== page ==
# [FOM] "Mere" correctness of a proof

Franck Slama franck.slama.pro at gmail.com
Fri Sep 7 03:48:25 EDT 2018

```Following Timothy's interesting answer, I wanted to add the following on
explanatory versus non explanatory proof,
first versus second proof of a theorem, and a small digression on the
equality of such proofs :

Even if the only proof of a theorem T that we have is not very explanatory
(for example, the very computational proof
of the four colour theorem), we still get from this proof the motivating
guarantee that the theorem is *true*. This is the
big difference between a first proof, and any other proof that comes after
it : the first one might not explain very well why
things are this way, but it removes the doubt on T's veracity. The second,
third, and Nth proof of the same theorem T
can be more explanatory than the first, but we don't learn from them the
fact that T is a valid theorem, as we already
knew it from the first proof. This is why theorems are often named after
the first person that finds a proof of it (even
though there are exceptions).

With such a first proof of T, having this guarantee on the truth value of
T, we might be more tempted to spend more
time finding a more interesting/explanatory proof. However, when we don't
have this guarantee, we don't know if we
are simply losing our time, as the claimed theorem could simply be false...
In the case of the four colour theorem, it's even better as this first
proof is formally verified on a proof assistant, helping
us to believe even more on it (a very computational proof on the paper is
very likely to be wrong, as we're not computers
after all!).

If someone is only interested in the *truth* value of statements, he/she
can even consider different proofs of the same
theorem as equal, and be perfectly happy with the proof irrelevance
principle.
These proofs might be very different (they can be classical or
constructive, they can be explanatory or not, complicated
or simple, etc), if we're only interested in *truth*, they only exist to be
warrants on veracity.

However, if someone is also interested in the computational content of the
proofs (a constructivist), or in having a real
explanation on things (every mathematician I guess), or in having a simple
proof (a maths teacher for instance), then
he/she might not see such proofs as equal.

Please note that my comments are very much inspired from many explanations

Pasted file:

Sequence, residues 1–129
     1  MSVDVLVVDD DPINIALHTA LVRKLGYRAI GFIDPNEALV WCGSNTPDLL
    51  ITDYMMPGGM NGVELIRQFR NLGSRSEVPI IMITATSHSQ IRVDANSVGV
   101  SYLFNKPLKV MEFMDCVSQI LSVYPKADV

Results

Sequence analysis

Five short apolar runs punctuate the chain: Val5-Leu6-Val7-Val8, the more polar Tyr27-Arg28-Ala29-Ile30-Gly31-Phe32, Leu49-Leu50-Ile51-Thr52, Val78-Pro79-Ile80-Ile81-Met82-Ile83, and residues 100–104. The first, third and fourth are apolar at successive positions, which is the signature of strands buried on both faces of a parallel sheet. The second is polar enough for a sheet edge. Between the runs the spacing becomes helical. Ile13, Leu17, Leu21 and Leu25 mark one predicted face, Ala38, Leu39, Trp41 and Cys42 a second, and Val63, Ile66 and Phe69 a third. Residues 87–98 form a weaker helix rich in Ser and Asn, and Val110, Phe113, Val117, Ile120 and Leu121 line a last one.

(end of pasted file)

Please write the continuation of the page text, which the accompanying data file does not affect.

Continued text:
given by Alain Prouté, and especially
from this presentation :
http://www.logique.jussieu.fr/~alp/luminy_05_2007.pdf

Kind regards,

Franck Slama

On Fri, Sep 7, 2018 at 8:30 AM Timothy Y. Chow <tchow at math.princeton.edu>
wrote:

> Harvey Friedman wrote:
> > A) the first digit of pi is 3.
> > B) the sixth digit of pi is 9.
> >
> > (recall pi ~ 3.14159)
> >
> > This is an interesting arena to test the idea of "explanation of proof".
>
> Another possible arena is computational complexity.  As longtime FOM
> participants know, I am fond of citing the theorem "Checkers is a draw."
> It is hard to imagine an "explanatory proof" of this theorem that does not
> involve brute-force calculation.  Assuming that there is some upper bound
> on how long a proof can be before it ceases to be "explanatory," any
> EXPTIME-complete problem furnishes a family of short theorems which cannot
> all have short proofs.
>
> "Checkers is a draw" could of course be criticized as an unnatural or
> uninteresting mathematical theorem.  But I see no reason why there could
> not exist a short and beautiful theorem for which there does not exist an
> explanatory proof.  (Of course it might be practically impossible to show
> that no explanatory proof exists, so we might be tempted to keep searching
> for one.)  In that event, would Weil have said that God exists because the
> theorem is true, but the Devil exists because we cannot explain why it is
> true?
>
> Tim
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>
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